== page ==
BEIRUT // Syrian rebels captured four Alawite villages on the country's mountainous Mediterranean coast yesterday as they battled government troops in one of President Bashar Al Assad's strongholds for the second straight day, activists said.
Alawites, an offshoot of Shiite Islam, dominate Mr Al Assad's regime. The capture of villages in their heartland in Latakia province is a symbolic blow to the president, whose forces have otherwise been taking territory in recent weeks in central Syria.
Syria's conflict has taken on an increasingly sectarian tone in the last year, pitting predominantly Sunni rebels against the Alawite-dominated regime.
The Britain-based Syrian Observatory for Human Rights said rebels captured the villages after attacking government outposts in the Jabal Al Akrad hills on Sunday. The group, which relies on reports from activists, said at least 32 government troops and militiamen and at least 19 rebels, including foreign fighters, died in Sunday's fighting.
Much of Latakia has been under the firm control of Assad's forces since the beginning of the conflict more than two years ago, but some areas including the Jabal Al Akrad are close to rebel-held areas and have seen fighting.
It was a rare success for the rebels on the battlefield in recent weeks. Regime forces have been on the offensive since taking the central town of Qusair in June, and last week captured a key district in the central city of Homs, an opposition stronghold.
Syria main's opposition bloc hailed the rebel advance, and said that Mr Al Assad's troops had used the villages to attack rebel-held civilian areas.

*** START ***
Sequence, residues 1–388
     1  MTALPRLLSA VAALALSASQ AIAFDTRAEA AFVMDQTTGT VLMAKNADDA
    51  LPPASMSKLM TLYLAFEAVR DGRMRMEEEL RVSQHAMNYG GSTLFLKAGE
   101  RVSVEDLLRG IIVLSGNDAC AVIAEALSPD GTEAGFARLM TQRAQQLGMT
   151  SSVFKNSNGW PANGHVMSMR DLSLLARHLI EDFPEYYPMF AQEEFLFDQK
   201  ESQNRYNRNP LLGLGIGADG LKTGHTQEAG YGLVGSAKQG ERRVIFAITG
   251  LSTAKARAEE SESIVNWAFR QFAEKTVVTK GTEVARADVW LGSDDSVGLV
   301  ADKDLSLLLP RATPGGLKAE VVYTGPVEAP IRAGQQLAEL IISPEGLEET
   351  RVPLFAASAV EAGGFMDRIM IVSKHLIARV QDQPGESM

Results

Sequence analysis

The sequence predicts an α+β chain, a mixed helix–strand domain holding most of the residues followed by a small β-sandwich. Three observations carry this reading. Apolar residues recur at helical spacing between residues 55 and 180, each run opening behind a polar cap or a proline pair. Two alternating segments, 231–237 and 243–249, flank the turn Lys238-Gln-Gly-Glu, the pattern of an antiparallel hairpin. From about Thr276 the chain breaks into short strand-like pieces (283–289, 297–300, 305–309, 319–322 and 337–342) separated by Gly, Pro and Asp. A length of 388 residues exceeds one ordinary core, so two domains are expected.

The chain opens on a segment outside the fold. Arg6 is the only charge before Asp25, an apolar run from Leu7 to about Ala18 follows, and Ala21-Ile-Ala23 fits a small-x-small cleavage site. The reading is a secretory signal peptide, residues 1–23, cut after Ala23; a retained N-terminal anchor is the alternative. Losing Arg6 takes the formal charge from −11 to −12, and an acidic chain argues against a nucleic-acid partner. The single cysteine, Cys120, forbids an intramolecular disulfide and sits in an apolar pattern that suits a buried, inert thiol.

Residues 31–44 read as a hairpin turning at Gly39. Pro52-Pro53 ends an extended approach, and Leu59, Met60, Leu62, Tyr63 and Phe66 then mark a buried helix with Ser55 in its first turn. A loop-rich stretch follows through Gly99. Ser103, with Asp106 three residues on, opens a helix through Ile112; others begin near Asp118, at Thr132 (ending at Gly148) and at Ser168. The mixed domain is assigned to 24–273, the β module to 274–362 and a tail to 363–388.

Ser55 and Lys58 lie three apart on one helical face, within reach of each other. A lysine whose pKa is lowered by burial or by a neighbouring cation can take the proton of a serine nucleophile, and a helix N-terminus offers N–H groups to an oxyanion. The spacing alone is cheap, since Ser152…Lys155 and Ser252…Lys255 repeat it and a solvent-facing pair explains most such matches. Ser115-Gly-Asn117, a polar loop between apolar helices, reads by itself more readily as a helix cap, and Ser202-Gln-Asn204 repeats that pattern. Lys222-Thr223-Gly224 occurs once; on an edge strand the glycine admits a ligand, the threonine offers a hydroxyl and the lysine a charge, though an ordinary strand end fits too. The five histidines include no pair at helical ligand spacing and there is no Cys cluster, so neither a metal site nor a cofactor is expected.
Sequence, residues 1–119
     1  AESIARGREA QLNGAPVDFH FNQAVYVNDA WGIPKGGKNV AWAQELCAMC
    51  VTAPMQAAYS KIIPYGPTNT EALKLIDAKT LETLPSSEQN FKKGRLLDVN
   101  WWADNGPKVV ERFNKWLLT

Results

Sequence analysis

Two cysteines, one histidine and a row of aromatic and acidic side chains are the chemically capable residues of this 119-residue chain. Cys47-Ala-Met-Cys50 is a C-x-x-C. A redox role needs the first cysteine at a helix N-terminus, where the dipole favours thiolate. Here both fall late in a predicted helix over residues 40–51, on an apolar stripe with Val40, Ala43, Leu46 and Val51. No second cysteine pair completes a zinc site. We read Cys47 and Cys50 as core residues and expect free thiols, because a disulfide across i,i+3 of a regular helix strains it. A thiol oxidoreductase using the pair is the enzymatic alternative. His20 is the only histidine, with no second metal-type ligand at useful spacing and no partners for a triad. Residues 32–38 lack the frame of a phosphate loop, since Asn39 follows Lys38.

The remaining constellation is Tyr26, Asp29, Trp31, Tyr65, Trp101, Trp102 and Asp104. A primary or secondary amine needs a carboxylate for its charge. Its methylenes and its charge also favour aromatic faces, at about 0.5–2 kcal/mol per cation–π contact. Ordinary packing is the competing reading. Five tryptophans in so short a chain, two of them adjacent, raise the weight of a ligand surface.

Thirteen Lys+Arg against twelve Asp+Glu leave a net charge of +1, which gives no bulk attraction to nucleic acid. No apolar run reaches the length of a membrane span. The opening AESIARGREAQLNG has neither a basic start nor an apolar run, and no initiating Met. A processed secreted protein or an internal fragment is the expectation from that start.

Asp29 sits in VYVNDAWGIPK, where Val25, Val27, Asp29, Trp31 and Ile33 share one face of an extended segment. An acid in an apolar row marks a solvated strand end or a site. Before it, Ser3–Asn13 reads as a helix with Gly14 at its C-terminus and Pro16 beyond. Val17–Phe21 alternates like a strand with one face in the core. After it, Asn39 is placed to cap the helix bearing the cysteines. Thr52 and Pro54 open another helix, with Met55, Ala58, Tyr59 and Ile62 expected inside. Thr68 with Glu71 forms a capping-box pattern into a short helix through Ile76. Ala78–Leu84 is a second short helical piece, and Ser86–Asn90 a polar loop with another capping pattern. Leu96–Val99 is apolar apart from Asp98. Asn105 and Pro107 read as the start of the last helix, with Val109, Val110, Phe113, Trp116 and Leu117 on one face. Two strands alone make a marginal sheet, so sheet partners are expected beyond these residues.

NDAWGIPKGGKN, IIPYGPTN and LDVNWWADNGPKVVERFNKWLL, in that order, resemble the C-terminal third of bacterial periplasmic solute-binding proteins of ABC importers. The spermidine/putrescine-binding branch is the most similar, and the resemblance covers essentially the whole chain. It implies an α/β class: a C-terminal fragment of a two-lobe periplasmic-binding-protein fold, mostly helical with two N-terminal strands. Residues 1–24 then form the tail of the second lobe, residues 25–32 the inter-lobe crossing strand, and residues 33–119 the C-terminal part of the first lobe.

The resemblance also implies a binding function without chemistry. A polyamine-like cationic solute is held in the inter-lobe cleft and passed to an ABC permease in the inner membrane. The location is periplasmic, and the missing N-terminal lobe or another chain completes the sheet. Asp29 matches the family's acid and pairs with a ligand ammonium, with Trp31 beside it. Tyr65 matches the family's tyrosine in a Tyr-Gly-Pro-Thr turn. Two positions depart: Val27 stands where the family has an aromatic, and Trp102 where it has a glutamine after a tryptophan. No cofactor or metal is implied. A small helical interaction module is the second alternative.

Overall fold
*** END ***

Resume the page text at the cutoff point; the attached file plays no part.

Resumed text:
The Observatory's chief, Rami Abdul-Rahman, said civilians in the four villages fled. There were no immediate reports of civilian casualties in the fighting.
Meanwhile, at the site of one of the regime's victories in Homs, the Syrian defence minister Gen Fahd Jassem Al Freij toured the ravaged district of Khaldiyeh yesterday, praising troops for what he told state TV was a "military miracle".
Standing in front of the historic Khalid bin Al Waleed mosque in Khaldiyeh, Gen Al Freij vowed the army would "triumph against this universally-backed terrorism which is being exported to us."
More than 100,000 people have been killed since the conflict started in March 2011 as largely peaceful protests against Mr Al Assad's rule. It turned into an armed uprising after opposition supporters took up arms to fight a brutal government crackdown on dissent.
Human Rights Watch said yesterday ballistic missiles fired by the Syrian army into populated areas have killed hundreds of civilians in recent months.
The US-based group said it had investigated nine apparent missile attacks that killed at least 215 people, half of them children, between February and July. The most recent attack HRW investigated occurred in the northern province of Aleppo on July 26, killing at least 33 civilians including 17 children.
HRW activists visited the sites of seven of the nine attacks and found no apparent military targets nearby, the group said. Ole Solvang, a senior researcher with HRW, said it was impossible to distinguish between civilians and fighters when firing missiles with wide-ranging destructive effects into densely populated areas.
"Even if there are fighters in the area, you cannot accurately target them and the impact in some of these cases has been devastating to local civilians," Mr Solvang said.
The HRW called on Mr Al Assad to stop indiscriminate attacks.
In his latest public appearance late on Sunday, Mr Al Assad called on the Syrians to unite behind the army's efforts to "defend their homeland".
"There is no solution with terrorism but to strike with an iron fist," he was quoted as saying by state news agency Sana. "With this kind of battles that aim at the destruction of the cultural identity and the Syrian national fabric, we either win together as Syrians or lose together."